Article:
One example of exposing Lentinus edodes to shear during its cultivation is stirring but other agitation techniques could be used. Any type of equipment such as a bioreactor could be used.
TABLE-US-00001 TABLE 1 Eritadenine content measured in the shiitake mycelia and culture broth from various submerged cultivations by HPLC analysis. Eritadenine amounts In broth Total amount In biomass (mg/g (mg/g Cultivation conditions (mg/g mycelia) mycelia) mycelia) Shake flask, 150 rpm, 23° C., 0.64 5.91 6.55 no pH control Bioreactor, 250 rpm, 25° C., 1.40 24.60 26.00 pH 5.7 Bioreactor, 250 rpm, 25° C., 0.2 32.41 32.61 no pH control Bioreactor, 50 rpm, 25° C., 0.36 33.46 33.82 pH 5.7 Bioreactor, 50 rpm, 25° C., 0.10 39.43 39.53 no pH control
Material and Methods
Fungal material. The shiitake strain used was Lentinus edodes-2 (Le-2). Mycelia of this strain were kindly supplied by Dr. Gary L. Mills, Diversified Natural Products, Inc., Scottville, Mich., USA. The mycelia were cultivated on malt yeast agar (MYA) plates composed of (w/v) 2% malt extract, 0.2% yeast extract and 2% microbial agar, for 10 days at 23° C.
Shake flask cultures. Mycelia from MYA plates were homogenised in a 0.05 mM phosphate buffer, pH 5.8, and transferred to 200 mL of malt-yeast medium composed of (w/v) 2% malt extract and 0.2% yeast extract, with 2% glucose added. The submerged cultivation took place in 500 mL shake flasks at 150 rpm for 20 days at 23° C. Following cultivation, the mycelia were harvested by filtering the culture through Whatman OOH filter paper and washed with distilled water. The biomass was then dried over night and the dry weight determined. The filtrated broth was collected for further analysis.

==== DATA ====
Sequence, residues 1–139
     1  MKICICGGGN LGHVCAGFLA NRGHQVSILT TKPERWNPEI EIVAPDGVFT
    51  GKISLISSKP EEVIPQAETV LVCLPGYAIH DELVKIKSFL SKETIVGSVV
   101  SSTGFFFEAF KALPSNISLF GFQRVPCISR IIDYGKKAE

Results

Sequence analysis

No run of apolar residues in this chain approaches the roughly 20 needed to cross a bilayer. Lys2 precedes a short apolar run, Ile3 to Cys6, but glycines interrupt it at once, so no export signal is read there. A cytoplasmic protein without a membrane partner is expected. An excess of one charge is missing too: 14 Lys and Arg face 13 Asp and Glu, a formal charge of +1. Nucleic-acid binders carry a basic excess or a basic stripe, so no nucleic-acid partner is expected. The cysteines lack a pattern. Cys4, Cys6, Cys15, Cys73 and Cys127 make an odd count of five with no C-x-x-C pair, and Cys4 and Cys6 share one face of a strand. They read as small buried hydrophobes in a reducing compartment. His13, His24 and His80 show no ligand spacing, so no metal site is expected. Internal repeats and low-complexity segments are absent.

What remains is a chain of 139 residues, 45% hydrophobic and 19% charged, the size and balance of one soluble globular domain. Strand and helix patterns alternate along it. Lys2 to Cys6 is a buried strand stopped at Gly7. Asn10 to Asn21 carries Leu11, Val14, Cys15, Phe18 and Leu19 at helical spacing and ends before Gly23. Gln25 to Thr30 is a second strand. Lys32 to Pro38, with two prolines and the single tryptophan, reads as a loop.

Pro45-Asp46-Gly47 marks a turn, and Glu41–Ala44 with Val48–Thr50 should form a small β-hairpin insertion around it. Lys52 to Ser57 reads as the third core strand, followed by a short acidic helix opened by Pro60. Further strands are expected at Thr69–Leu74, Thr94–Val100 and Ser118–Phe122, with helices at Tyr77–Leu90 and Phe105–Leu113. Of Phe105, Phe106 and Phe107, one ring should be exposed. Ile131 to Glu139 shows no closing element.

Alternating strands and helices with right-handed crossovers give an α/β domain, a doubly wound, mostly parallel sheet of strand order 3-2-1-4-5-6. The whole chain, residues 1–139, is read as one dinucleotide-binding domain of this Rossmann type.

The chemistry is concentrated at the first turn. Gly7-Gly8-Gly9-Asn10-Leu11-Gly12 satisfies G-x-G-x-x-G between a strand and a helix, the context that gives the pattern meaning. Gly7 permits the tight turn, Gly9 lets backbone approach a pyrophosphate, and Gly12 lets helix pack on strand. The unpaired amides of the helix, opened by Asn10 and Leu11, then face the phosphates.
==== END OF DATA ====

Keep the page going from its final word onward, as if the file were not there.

Bioreactor cultivation. Mycelia from MYA plates were homogenised in a 0.05 mM phosphate buffer, pH 5.8, and transferred to 700 mL malt-yeast medium composed of (w/v) 2% malt extract, 0.2% yeast extract, with 2% glucose added. The submerged cultivation took place in 1 L bioreactors (Biobundle 1 L, Applikon Biotechnology, the Netherlands) with a stirring rate of either 50 or 250 rpm, a temperature of 25° C., a dissolved oxygen flowrate of 1/vol/vol, and a pH either controlled at 5.7 or uncontrolled. After 20 days of cultivation the mycelia were harvested by filtering the culture through Whatman OOH filter paper and washed with distilled water. The biomass was then dried over night and the dry weight determined. The filtrated broth was collected for further analysis.
Preparation of eritadenine standard. Eritadenine was synthesized according to the following procedure. In the first step, methyl 2,3-O-Isopropylidene-β-D-ribofuranoside was synthesized (22). This product was further processed to give the compound methyl 2,3-O-isopropylidene-5-O-p-toluenesulfonyl-β-D-ribofuranoside (23). The third step was a reaction of sodium salt of adenine with methyl 2,3-O-Isopropylidene-5-O-p-toluenesulfonyl-β-D-ribofuranoside. This reaction gave the product methyl 5-(6-Aminopurin-9H-9-yl)-2,3-O-isopropylidene-5-deoxy-β-D-ribofurano- side. Hydrolysis of this product resulted in 5-(6-Aminopurin-9H-9-yl)-5-deoxy-D-ribofuranose. The final step was an air oxidation of the previous compound to get the product; 2(R),3(R)-dihydroxy-4-(9-adenyl)-butyric acid, i.e. d-eritadenine (24). All chemicals were of analytical grade. In order to verify the correct product and its purity, NMR analysis was conducted for each step of the synthesis and compared with the literature. An LC/MS run further confirmed the final product. A stock solution (1.98 mg/mL) of the standard was prepared by dissolving synthesized eritadenine in distilled water.
Extraction of eritadenine from mycelia. The mycelial biomass was extracted with 80% (v/v) methanol for about 3 hours under reflux, with a solid-liquid ratio of 1:20. The fungal extract was then filtered through Whatman No. 5 filter paper and washed with distilled water. The resulting filtrate was concentrated in vacuo at 50-60° C. and analyzed.